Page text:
Senate Bill 424 – regarding so-called renewable natural gas – was signed into law last week. (Dana Wormald | New Hampshire Bulletin)
A new framework for using so-called renewable natural gas is now law after Gov. Chris Sununu signed Senate Bill 424 last week.
The bill went into effect upon signing, and its goal is to encourage gas utilities to procure what’s called renewable natural gas and invest in the necessary infrastructure.
Renewable natural gas is considered an emerging technology, and it utilizes the methane that is a natural byproduct of the decomposition process. Environmental groups raised concerns that the process of extracting and transporting the gas could result in methane, a potent greenhouse gas, leaking into the environment. But state lawmakers and the state’s gas utilities supported the measure, which lays the groundwork for adopting the technology.
The new law allows utilities to charge ratepayers for renewable natural gas power and infrastructure. These expenses would have to be approved by the Public Utilities Commission, the government entity responsible for regulating the state’s utilities.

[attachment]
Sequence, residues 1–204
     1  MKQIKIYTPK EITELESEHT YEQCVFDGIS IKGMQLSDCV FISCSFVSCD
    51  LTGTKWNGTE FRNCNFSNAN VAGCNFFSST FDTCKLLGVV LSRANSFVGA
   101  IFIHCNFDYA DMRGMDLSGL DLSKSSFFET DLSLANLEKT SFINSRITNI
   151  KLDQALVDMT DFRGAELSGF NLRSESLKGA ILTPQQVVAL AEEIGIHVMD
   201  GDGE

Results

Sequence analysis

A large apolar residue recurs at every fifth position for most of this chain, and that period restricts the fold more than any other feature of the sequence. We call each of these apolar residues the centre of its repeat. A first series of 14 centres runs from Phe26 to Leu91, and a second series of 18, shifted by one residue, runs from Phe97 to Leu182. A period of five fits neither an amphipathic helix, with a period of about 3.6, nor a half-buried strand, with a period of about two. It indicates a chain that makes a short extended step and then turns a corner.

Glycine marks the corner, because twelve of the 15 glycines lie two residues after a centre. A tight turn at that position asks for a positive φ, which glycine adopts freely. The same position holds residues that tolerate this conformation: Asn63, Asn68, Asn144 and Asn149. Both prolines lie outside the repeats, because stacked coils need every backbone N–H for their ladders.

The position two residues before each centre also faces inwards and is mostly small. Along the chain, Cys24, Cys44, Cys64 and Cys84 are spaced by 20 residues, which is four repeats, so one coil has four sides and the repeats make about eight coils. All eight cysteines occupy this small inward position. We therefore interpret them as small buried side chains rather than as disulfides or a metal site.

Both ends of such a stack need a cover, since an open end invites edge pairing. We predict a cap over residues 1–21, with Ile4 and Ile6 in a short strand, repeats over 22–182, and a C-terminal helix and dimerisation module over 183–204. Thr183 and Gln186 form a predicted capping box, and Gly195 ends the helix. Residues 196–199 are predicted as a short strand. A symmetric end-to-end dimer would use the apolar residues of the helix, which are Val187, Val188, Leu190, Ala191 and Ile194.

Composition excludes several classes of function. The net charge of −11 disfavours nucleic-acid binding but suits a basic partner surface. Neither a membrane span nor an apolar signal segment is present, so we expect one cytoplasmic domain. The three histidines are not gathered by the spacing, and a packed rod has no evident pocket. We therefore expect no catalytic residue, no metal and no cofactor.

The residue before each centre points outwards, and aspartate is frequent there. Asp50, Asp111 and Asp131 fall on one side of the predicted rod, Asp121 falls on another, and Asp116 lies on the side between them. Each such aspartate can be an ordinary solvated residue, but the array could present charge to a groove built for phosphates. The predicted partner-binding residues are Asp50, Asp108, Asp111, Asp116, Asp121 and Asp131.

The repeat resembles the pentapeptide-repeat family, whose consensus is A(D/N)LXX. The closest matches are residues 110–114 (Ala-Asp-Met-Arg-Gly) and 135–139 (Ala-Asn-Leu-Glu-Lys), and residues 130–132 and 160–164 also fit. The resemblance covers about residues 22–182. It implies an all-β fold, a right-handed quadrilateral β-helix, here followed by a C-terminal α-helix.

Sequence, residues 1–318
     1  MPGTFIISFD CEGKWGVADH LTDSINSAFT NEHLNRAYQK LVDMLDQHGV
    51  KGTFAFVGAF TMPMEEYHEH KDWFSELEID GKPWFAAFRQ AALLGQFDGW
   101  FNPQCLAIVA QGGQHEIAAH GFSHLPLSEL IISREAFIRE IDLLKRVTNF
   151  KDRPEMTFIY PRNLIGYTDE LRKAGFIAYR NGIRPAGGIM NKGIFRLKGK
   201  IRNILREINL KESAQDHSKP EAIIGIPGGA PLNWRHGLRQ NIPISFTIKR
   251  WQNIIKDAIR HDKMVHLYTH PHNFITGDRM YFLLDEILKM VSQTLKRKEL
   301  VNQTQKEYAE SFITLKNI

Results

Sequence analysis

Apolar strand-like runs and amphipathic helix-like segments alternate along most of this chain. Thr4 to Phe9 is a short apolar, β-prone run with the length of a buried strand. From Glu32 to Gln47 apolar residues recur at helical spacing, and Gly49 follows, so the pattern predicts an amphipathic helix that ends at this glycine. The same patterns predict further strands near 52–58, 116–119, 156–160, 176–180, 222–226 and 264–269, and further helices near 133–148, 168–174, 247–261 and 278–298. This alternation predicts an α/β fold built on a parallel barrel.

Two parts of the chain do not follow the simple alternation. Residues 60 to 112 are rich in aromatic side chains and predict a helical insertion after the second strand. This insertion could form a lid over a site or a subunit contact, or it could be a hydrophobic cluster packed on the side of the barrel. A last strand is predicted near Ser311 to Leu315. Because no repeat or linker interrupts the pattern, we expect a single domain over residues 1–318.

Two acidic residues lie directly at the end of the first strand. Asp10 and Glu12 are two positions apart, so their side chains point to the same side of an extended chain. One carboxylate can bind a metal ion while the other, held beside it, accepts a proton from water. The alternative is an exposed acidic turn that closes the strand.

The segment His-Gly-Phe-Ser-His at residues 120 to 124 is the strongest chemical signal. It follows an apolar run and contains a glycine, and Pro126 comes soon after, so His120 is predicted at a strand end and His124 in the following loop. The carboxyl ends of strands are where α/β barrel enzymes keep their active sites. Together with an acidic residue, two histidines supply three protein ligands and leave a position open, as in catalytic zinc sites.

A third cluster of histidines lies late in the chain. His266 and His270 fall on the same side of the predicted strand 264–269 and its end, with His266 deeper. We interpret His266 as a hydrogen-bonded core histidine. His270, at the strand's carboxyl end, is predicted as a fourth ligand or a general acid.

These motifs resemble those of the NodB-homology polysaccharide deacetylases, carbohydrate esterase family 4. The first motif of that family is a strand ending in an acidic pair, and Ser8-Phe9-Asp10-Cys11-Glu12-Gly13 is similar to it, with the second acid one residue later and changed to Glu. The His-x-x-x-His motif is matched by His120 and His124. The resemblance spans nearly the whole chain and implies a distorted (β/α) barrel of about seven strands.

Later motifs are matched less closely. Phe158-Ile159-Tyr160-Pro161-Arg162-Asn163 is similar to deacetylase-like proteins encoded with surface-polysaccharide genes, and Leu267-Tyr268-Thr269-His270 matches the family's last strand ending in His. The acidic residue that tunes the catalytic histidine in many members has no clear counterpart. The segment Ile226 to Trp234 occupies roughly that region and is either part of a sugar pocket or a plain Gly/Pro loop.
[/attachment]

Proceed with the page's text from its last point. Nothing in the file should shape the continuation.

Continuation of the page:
Liberty Utilities had already proposed a renewable natural gas project, which was put on hold while the legislative process on SB 424 was ongoing. The cost of natural gas proposed in that project would be around three times the cost of traditional natural gas, at $10.47 per dekatherm. The Office of the Consumer Advocate recommended rejecting the proposal, which would be cost effective only “when wholesale gas prices are astronomically high,” as they are this year.
Renewable natural gas is created when food waste decomposes in a landfill, often called landfill natural gas, and also comes from livestock operations that generate agricultural waste, as well as wastewater treatment plants. After the gas is processed, it can be used interchangeably with traditional natural gas. Groups such as the Conservation Law Foundation that support transitioning away from fossil fuel use are worried renewable natural gas could be used to justify ongoing investment in fossil fuel infrastructure.
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